Can’t We All Just Get Along? Our Strength Programs Are Not Very Different


Written By: Kevin Cann

I was having a conversation with some of my co-workers, teammates, and training partners at Total Performance Sports last week. All of my training partners are multi-ply powerlifters that follow some type of Westside Barbell program.

If you have not heard of Westside Barbell, a simple Google search will show a lot. There is even a documentary titled “Westside vs the World” coming to theaters. This gym is home to some of the strongest men and women to ever step foot onto a platform. Even with this success, they still have enough haters out there that they feel they need to a title a documentary “Westside vs the World.”

I am a raw powerlifter that is coached by Boris Sheiko. Boris Sheiko is known for his success as a powerlifting coach in Russia, accumulating over 40 gold medals in the sport. His programs are well known for the high total amounts of volume in the competition lifts and competition lift variations.

One of the coaches was describing the differences in our training styles as being “totally opposites” of one another. At the surface it would seem that this is true, but when you dive a little deeper, each training method has a lot of similarities. This can be said about any successful training program.

The big word that gets thrown around out there is periodization. There are three “big” types of periodization that are often discussed in personal training and exercise science textbooks. These three are linear, daily undulated periodization (DUP), and conjugate.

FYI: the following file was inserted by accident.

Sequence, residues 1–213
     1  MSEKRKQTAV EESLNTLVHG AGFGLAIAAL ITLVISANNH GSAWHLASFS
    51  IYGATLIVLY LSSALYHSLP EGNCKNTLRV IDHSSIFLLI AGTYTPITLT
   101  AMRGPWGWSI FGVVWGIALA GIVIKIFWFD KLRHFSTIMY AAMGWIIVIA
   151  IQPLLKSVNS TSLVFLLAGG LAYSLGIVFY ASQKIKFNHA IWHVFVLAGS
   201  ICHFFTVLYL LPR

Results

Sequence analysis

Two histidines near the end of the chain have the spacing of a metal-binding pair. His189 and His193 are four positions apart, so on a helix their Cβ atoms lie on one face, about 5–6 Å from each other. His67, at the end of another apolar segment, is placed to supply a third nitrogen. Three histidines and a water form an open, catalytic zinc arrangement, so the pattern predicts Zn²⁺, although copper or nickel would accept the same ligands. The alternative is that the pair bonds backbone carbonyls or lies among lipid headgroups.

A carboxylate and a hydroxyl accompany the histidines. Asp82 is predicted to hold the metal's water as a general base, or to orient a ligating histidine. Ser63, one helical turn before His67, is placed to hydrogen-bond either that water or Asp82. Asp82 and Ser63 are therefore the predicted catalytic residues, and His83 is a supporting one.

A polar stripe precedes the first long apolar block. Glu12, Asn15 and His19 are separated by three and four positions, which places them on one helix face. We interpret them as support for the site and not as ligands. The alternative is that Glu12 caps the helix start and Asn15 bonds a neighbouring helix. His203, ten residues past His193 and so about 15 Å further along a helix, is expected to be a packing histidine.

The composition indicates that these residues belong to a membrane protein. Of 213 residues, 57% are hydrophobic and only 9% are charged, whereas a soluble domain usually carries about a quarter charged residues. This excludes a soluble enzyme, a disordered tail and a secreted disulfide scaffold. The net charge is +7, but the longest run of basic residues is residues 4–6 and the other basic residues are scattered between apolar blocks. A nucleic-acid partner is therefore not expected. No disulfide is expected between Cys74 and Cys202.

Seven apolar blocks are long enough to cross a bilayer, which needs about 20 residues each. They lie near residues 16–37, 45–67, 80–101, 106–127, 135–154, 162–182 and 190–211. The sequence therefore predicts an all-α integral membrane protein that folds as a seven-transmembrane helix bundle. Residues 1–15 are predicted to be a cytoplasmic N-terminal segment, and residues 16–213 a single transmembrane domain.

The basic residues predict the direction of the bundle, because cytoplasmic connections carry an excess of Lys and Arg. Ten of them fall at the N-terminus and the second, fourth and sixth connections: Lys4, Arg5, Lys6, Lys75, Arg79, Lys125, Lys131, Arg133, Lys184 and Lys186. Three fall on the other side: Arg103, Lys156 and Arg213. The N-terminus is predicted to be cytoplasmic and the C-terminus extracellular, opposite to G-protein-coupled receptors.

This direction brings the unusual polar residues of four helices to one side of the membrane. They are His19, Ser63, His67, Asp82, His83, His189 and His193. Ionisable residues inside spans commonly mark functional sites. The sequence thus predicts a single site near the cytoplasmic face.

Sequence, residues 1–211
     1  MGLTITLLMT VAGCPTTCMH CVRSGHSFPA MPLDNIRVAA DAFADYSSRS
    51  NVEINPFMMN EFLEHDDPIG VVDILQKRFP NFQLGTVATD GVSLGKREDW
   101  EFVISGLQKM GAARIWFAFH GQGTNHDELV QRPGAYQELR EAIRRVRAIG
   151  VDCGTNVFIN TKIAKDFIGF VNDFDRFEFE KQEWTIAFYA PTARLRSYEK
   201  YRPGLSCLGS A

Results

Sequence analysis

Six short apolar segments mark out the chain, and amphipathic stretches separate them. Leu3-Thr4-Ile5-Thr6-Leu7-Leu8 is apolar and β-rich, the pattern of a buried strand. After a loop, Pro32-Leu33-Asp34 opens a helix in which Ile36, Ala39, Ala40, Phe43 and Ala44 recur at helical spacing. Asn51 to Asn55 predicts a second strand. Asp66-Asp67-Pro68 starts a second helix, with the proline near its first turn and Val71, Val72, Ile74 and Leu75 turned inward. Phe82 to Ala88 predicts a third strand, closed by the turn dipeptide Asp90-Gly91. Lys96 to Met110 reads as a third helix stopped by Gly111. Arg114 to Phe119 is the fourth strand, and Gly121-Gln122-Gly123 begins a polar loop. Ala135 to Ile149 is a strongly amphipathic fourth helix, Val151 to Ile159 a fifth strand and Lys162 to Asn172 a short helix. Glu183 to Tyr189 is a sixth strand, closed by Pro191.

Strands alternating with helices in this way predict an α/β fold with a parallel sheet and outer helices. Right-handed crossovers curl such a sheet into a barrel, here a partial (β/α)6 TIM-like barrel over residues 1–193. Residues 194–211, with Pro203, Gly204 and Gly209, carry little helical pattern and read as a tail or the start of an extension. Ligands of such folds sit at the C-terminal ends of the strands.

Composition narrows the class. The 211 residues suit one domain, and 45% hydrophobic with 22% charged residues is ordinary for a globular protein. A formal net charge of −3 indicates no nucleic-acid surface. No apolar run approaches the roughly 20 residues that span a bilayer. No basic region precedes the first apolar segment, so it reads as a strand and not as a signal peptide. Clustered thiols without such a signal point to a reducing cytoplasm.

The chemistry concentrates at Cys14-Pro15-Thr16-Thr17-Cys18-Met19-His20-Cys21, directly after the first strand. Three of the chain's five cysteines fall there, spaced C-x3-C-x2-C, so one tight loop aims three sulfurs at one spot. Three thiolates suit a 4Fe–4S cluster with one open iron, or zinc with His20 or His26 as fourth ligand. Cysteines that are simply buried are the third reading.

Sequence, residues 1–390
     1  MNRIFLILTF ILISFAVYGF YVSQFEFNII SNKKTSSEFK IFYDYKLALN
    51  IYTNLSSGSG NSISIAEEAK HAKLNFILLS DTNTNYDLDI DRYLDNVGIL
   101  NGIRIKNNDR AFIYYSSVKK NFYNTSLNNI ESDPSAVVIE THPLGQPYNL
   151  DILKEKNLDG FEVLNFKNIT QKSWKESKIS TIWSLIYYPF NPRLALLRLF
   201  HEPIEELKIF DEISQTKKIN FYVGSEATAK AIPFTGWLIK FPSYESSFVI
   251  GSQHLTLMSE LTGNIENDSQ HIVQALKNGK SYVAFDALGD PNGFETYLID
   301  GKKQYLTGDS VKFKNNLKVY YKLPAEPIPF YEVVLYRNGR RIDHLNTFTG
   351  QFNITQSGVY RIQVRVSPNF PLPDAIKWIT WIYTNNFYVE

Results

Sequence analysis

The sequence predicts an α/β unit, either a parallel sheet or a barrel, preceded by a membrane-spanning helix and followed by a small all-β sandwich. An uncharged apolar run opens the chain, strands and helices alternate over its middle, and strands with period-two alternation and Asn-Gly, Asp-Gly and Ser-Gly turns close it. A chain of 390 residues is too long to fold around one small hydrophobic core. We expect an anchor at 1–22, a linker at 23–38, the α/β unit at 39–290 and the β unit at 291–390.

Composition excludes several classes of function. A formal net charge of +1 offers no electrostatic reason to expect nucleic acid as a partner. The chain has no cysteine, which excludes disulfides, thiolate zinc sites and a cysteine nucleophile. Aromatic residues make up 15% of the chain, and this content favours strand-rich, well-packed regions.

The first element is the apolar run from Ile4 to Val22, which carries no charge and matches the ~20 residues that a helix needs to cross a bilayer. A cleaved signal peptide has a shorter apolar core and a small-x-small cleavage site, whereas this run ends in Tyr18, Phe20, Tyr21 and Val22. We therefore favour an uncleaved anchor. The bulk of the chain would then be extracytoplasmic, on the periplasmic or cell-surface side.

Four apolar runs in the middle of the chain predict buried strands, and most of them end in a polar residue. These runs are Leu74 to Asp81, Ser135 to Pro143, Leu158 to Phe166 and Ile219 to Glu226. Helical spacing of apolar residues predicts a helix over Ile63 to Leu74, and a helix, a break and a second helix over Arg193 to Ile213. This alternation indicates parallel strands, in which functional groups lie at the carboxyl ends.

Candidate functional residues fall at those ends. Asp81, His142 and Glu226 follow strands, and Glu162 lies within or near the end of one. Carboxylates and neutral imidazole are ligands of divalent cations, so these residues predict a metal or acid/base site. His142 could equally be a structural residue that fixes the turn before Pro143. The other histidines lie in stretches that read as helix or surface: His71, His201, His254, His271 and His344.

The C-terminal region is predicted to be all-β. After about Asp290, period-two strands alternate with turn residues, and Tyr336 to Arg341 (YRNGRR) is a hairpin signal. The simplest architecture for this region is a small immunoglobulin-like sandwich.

Linear periodization is increasing intensity and/or volume of a specific exercise from week to week. Exercise selection would not change. An example would be if we squat on Monday, bench on Wednesday, and Deadlift on Friday. Week 1 we perform 3 sets of 5 at 80% of 1RM for all three lifts. Week 2 we would either increase the sets, reps, or the training intensity.

This would be difficult to follow over the long haul as fatigue will accumulate quickly, as well as the risk of injury due to adaptive resistance to training the same movement patterns day in and day out. This is why early specialization in sports is fought so hard against by those coaches in the field. If we constantly perform the same patterns over and over we are more prone to overuse injuries within those patterns. I have never seen a true linear program because it is near impossible to do.

DUP attempts to address the issue of not being able to continuously increase volume and intensity by alternating higher volume and lower volume days, or higher intensity and lower intensity days. This is important to utilize if you train each lift more than one time per week. Attempting to progress in a linear fashion from day to day would be extremely difficult, even for a beginner.

A conjugate program, like a linear program, does not exist on its own without other elements. This would be constantly changing exercise selection to continuously provide new stressors to the body. However, if we ever repeated the same exercise twice we would need to use the same intensity, sets, and reps for it not to possess the other programming elements. Westside is often referred to as a conjugate program.

In a typical Westside program there is a max effort lower day, max effort upper, dynamic effort lower, and dynamic effort upper. Max effort days you work up to a max single with the variation being used that day and dynamic effort is referred to…



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